If anyone thought going to the Combine was fun for the 350 or so prospects, think again. They are four very grueling days for each prospect starting from just about they moment they arrive in Indianapolis.
When each player arrives the first thing he does is register and find out what group he is in. Everything at the Combine is done in groups starting with the offensive linemen. There are usually two groups per position. Today, the offensive linemen come in and the first of two groups of running backs. Tomorrow, it will be the second group of running backs followed by the receivers. After registration, it’s off to the hospital for pre-medical testing. Here, some X-Rays may be taken along with other tests. If a player has some known medical history the X-Rays are done just to save some time. After they get back from the hospital they go to a room for Cybex testing, which measures leg strength. Years ago they used to do this test a day before each player ran his 40. Now it’s done on arrival day because the test can tire a player’s quad muscles so much. To make it simple the motion used in the test is similar to a leg extension but it is done rapidly until muscle fatigue sets in. For those of you who know what muscle burn is, this test can be the ultimate “burn.” By doing it on arrival day, the player has almost three days rest before he runs his 40.
After the Cybex it’s dinner time, which is also an orientation meeting telling the players what to expect while at the Combine. When the players are done with dinner they start the interview process. Clubs request up to 60 players to interview while at the Combine. These interviews last no more than 15 minutes and they are strictly timed with a horn going off every 15 minutes, meaning the end of the current interview and then off to the next team. Each club has an interview room on the first floor of player’s hotel, so the walk between interviews is no more than a few seconds. There are some players who can have as many as 20-25 interviews and that can be a very mentally exhausting experience. Some players may have scheduled interviews every night they are in Indy.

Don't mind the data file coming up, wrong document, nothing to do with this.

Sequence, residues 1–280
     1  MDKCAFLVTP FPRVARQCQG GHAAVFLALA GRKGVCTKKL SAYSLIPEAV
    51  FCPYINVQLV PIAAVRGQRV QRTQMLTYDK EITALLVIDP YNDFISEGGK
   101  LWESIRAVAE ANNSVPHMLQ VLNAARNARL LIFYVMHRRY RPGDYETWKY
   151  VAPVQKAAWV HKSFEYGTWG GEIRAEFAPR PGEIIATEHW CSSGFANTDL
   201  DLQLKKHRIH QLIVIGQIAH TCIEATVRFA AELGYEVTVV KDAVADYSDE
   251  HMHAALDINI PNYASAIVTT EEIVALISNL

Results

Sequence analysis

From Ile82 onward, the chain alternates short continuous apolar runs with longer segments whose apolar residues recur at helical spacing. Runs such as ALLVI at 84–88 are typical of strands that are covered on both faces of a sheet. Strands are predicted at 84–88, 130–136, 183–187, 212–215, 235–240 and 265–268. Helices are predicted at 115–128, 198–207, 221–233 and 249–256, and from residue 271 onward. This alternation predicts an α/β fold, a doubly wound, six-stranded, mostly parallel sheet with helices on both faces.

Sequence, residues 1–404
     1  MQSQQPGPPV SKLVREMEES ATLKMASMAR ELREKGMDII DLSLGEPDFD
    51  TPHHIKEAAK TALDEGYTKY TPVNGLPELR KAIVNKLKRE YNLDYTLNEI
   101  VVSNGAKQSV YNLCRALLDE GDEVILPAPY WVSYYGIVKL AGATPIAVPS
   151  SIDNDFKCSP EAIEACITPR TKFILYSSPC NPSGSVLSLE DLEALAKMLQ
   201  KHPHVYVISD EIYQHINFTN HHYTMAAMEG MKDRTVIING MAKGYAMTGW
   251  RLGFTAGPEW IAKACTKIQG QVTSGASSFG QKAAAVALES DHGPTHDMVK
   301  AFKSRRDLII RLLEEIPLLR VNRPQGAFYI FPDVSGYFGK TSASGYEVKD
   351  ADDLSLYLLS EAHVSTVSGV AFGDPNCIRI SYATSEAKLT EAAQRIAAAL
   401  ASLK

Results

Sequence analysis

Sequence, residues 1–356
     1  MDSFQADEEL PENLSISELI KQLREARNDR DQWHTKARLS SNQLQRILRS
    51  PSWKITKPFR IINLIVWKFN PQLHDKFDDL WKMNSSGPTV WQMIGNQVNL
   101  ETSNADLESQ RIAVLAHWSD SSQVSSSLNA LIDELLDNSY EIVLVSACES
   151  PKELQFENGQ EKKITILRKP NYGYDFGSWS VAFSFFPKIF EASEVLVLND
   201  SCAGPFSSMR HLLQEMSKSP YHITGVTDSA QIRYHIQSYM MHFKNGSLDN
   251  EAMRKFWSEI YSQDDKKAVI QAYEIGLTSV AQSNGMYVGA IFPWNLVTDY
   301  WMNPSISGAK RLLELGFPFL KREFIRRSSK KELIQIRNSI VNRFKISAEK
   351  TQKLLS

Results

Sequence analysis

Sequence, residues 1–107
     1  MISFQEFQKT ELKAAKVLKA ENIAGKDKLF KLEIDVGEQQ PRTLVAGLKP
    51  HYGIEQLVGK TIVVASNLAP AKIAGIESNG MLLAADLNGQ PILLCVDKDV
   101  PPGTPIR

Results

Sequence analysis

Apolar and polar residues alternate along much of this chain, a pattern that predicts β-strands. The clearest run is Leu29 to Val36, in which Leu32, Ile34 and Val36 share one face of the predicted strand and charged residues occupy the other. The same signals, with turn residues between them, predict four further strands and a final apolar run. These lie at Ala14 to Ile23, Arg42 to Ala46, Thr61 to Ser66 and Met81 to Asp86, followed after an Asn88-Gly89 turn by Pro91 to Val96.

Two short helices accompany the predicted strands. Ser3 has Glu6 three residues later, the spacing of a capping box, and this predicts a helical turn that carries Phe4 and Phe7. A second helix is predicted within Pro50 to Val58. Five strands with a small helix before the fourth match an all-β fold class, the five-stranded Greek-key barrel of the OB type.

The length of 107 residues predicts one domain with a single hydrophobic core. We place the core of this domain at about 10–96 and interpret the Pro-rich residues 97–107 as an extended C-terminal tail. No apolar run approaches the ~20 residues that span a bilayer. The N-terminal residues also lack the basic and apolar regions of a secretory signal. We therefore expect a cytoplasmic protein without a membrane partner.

In a building adjacent to the players hotel there is another huge “interview hall.” When players are not at specific places for medicals, testing or formal interviews they are in this building where coaches or scouts can do less formal interviews.
Tim Tebow participated in last year's Combine.
The players are up early for a day of medical testing. But before that, they are brought into a huge “ball room” where they stand on a stage in front of hundreds of scouts and coaches and their height, weight, arm length and hand span are taken. It is here where scouts see “body types.”
After the weight and measure period the players begin their medicals which are very comprehensive physical exams. It’s testing from A to Z and nothing is left out. Three groups of players have their medicals done each day, with over 100 players a day and it takes hours. The team doctors may ask for certain tests on players and it is here that more MRI’s and X-Rays are taken. I have seen in some years one player have as many as four MRI’s done. That night the players have scheduled interviews.